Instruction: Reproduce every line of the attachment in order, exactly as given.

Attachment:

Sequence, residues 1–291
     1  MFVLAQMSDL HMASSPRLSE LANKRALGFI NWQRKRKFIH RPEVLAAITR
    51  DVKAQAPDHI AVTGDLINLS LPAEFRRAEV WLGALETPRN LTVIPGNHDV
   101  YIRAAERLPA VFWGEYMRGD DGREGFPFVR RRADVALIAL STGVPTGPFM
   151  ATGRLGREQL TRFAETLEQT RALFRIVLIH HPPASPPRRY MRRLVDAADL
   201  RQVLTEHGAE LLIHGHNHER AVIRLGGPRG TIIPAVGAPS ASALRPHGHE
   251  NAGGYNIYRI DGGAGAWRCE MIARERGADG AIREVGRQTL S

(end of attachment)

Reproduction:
Sequence, residues 1–291
     1  MFVLAQMSDL HMASSPRLSE LANKRALGFI NWQRKRKFIH RPEVLAAITR
    51  DVKAQAPDHI AVTGDLINLS LPAEFRRAEV WLGALETPRN LTVIPGNHDV
   101  YIRAAERLPA VFWGEYMRGD DGREGFPFVR RRADVALIAL STGVPTGPFM
   151  ATGRLGREQL TRFAETLEQT RALFRIVLIH HPPASPPRRY MRRLVDAADL
   201  RQVLTEHGAE LLIHGHNHER AVIRLGGPRG TIIPAVGAPS ASALRPHGHE
   251  NAGGYNIYRI DGGAGAWRCE MIARERGADG AIREVGRQTL S